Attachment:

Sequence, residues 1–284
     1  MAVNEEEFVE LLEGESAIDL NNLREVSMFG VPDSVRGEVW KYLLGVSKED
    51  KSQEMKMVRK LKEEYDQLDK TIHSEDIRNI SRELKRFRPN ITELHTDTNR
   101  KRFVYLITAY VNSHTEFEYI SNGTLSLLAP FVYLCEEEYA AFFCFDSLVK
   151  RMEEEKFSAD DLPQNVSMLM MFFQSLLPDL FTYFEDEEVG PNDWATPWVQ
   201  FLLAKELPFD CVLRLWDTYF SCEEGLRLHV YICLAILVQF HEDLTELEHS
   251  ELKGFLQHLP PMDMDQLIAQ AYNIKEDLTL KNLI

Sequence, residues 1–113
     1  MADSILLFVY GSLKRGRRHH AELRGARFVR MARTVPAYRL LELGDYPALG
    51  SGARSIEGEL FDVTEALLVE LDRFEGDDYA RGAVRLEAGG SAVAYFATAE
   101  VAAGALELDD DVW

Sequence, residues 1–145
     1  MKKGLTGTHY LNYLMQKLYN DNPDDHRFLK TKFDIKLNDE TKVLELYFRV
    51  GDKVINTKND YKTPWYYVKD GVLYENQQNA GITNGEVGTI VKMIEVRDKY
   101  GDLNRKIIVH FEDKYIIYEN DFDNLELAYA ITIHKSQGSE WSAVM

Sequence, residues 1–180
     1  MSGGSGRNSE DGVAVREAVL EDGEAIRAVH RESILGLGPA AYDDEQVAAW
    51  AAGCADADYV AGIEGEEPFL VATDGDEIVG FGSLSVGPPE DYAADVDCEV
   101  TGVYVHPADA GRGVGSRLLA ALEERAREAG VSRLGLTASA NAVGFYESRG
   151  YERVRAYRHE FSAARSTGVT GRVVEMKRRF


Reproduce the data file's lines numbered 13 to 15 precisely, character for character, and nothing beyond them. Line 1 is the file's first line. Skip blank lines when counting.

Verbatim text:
     1  MKKGLTGTHY LNYLMQKLYN DNPDDHRFLK TKFDIKLNDE TKVLELYFRV
    51  GDKVINTKND YKTPWYYVKD GVLYENQQNA GITNGEVGTI VKMIEVRDKY
   101  GDLNRKIIVH FEDKYIIYEN DFDNLELAYA ITIHKSQGSE WSAVM